Islamabad, Apr 9 (PTI) Two senior federal ministers in Pakistan Prime Minister Imran Khan’s Cabinet have voiced their opposition to a controversial law which seeks to criminalise any criticism or ridicule of the country's powerful armed forces with a two-year imprisonment or fine up to Rs 50,000 or both.
The dissenting voices of Minister for Science and Technology Fawad Chaudhry and Minister for Human Rights Shireen Mazari came after a Pakistani parliamentary panel endorsed the law on Wednesday.
The legislation was adopted by the National Assembly Standing Committee on Interior despite sharp criticism by the Opposition parties which called it ultra vires of the fundamental rights.
Coup-prone Pakistan has been under military rule for almost half of its existence, with many governments deposed before completing its term, mostly at the behest of the country's powerful armed forces.
Chaudhry was the first to express his concern against the proposed legislation, calling it ridiculous in a tweet.
“Absolutely ridiculous idea to criminalise criticism, respect is earned, cannot be imposed on people, I strongly feel instead of new such laws, Contempt of Court laws should be repealed,” he said.
Minister for Human Rights Shireen Mazari retweeted Chaudhary’s tweet and then proceeded to add her comments: “Totally agree. Cannot state it strongly enough.” The law, which aims to amend the Pakistan Penal Code (PPC), was introduced for discussion by the ruling Pakistan Tehreek-e-Insaf (PTI) lawmaker Amjad Ali Khan.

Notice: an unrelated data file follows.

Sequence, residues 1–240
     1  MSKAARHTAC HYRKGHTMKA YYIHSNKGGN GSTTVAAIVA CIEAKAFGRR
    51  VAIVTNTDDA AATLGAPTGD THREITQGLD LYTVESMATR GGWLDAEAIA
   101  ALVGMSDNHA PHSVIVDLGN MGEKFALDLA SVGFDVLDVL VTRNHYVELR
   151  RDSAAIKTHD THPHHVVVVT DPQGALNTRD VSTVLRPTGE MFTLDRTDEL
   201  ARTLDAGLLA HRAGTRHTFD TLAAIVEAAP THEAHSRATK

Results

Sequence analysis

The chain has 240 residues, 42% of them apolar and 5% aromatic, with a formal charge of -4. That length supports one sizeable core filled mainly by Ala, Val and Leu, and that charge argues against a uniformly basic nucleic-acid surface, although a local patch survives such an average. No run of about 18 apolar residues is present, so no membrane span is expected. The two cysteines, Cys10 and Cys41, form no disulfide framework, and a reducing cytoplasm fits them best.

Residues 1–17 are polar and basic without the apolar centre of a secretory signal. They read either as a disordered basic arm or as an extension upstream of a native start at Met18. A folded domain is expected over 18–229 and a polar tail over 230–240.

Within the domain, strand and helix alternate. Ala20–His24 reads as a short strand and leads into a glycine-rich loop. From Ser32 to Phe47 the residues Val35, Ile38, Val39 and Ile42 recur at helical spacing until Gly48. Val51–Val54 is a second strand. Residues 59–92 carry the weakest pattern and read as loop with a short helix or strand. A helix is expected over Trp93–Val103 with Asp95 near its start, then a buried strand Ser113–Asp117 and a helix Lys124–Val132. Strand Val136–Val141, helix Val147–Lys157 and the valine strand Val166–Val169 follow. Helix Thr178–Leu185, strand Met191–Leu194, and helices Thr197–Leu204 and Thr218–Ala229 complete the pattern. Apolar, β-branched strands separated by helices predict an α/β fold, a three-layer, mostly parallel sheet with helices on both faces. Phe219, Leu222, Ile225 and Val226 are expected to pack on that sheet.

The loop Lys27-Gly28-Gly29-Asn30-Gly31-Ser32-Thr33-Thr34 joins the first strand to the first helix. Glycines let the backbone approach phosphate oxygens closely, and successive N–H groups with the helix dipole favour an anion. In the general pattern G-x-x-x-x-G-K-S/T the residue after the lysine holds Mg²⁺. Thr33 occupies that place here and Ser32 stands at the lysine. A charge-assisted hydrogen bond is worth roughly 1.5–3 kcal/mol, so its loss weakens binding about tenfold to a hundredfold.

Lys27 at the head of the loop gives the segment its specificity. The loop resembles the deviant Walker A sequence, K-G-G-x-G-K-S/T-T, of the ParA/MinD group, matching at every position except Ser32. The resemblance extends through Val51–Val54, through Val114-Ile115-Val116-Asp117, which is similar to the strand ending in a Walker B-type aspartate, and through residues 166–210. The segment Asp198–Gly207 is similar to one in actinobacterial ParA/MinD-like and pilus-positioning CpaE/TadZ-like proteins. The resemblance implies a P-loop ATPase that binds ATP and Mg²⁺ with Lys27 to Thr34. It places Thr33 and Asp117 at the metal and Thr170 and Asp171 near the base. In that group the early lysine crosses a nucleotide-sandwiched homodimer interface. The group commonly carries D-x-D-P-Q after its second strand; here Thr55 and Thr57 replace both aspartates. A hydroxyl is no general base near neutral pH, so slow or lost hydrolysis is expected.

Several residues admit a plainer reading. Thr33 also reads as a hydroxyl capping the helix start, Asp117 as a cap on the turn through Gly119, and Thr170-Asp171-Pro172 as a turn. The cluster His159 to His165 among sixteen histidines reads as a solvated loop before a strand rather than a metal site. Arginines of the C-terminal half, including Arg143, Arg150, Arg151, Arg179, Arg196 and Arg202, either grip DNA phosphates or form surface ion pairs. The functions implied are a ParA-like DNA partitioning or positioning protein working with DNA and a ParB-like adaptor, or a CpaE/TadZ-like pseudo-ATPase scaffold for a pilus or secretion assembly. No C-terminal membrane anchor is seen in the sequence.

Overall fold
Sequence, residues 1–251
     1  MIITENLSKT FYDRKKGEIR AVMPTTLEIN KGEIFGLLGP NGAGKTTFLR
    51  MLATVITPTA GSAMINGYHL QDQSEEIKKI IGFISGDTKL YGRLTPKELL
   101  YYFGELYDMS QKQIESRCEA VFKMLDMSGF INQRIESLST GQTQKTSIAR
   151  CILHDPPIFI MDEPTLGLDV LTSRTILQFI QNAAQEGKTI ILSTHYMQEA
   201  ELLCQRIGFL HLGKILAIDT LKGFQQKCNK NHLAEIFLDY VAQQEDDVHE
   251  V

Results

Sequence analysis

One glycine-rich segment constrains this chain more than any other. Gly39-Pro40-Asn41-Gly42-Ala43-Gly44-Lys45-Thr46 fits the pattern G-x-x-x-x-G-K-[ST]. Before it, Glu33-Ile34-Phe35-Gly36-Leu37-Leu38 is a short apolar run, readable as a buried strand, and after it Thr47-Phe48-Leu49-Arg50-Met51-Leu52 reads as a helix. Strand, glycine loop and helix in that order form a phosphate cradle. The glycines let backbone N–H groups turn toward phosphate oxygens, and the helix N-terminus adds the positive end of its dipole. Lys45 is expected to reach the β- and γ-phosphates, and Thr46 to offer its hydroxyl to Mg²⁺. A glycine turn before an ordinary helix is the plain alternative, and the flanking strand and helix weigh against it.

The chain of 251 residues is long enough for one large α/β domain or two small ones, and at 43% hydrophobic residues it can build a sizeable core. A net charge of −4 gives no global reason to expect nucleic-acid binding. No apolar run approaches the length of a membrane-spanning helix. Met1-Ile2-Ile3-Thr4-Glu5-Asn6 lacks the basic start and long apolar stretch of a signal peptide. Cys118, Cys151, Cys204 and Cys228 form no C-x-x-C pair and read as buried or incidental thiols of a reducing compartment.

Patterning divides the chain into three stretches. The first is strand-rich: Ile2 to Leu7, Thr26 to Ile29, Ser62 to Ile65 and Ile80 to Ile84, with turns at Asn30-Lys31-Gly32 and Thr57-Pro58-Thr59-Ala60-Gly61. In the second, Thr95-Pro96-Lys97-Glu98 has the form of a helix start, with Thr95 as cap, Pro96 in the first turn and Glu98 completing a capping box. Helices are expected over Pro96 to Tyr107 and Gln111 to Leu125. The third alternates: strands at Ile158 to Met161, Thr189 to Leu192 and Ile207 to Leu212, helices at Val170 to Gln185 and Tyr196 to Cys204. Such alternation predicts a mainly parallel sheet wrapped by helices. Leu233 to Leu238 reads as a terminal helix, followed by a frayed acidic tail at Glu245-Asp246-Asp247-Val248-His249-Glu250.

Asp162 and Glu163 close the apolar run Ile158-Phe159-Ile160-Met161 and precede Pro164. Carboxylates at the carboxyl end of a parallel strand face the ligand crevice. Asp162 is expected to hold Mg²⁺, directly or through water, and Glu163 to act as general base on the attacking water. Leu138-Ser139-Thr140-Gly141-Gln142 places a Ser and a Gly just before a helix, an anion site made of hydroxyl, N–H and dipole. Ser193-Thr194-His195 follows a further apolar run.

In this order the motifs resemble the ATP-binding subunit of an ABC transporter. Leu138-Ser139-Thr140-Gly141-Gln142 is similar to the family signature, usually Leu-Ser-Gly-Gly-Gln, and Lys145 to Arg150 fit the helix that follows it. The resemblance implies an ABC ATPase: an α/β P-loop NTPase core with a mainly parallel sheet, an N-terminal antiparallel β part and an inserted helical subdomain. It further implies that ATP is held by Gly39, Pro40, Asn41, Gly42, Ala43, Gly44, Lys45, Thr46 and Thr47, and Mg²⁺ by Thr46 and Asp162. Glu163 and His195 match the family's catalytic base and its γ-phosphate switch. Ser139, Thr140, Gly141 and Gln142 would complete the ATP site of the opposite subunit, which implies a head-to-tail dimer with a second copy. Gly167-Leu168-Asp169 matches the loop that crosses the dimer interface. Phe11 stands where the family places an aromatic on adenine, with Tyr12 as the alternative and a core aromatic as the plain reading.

However, difference erupted over the law between the 11-member body after Pakistan Muslim League-Nawaz (PML-N) and Pakistan Peoples Party (PPP) opposed the harsh punishment suggested in the bill.
PML-N's Marriyum Aurangzeb and Chaudhry Nadeem Abbas Rebaira as well as Syed Agha Rafiullah of the PPP said that the amendment would be used to curb the freedom of expression in the country.
The vote was tied at 5-5 and the stalemate was broken by the chairman of the committee, Raja Khurram Shahzad Nawaz, who belonged to the ruling PTI. Normally, the chairmen of committees remain neutral.
The bill suggests that armed forces’ personnel would not be subjected to any deliberate ridicule, insult and defamation, and those targeting them would be punished.
The only saving grace is that the trial of such critics would be held in a civil court and not in a military court.
But in order to become a law, the bill still needs to face the hurdle of being separately passed by the National Assembly (NA) and the Senate, the lower and the upper houses of Parliament. While the government enjoys a majority in the NA, the Opposition controls the Senate.
Often, the bills opposed by the Opposition parties at committee stage are killed in the Senate. PTI SH CPS AKJ CPS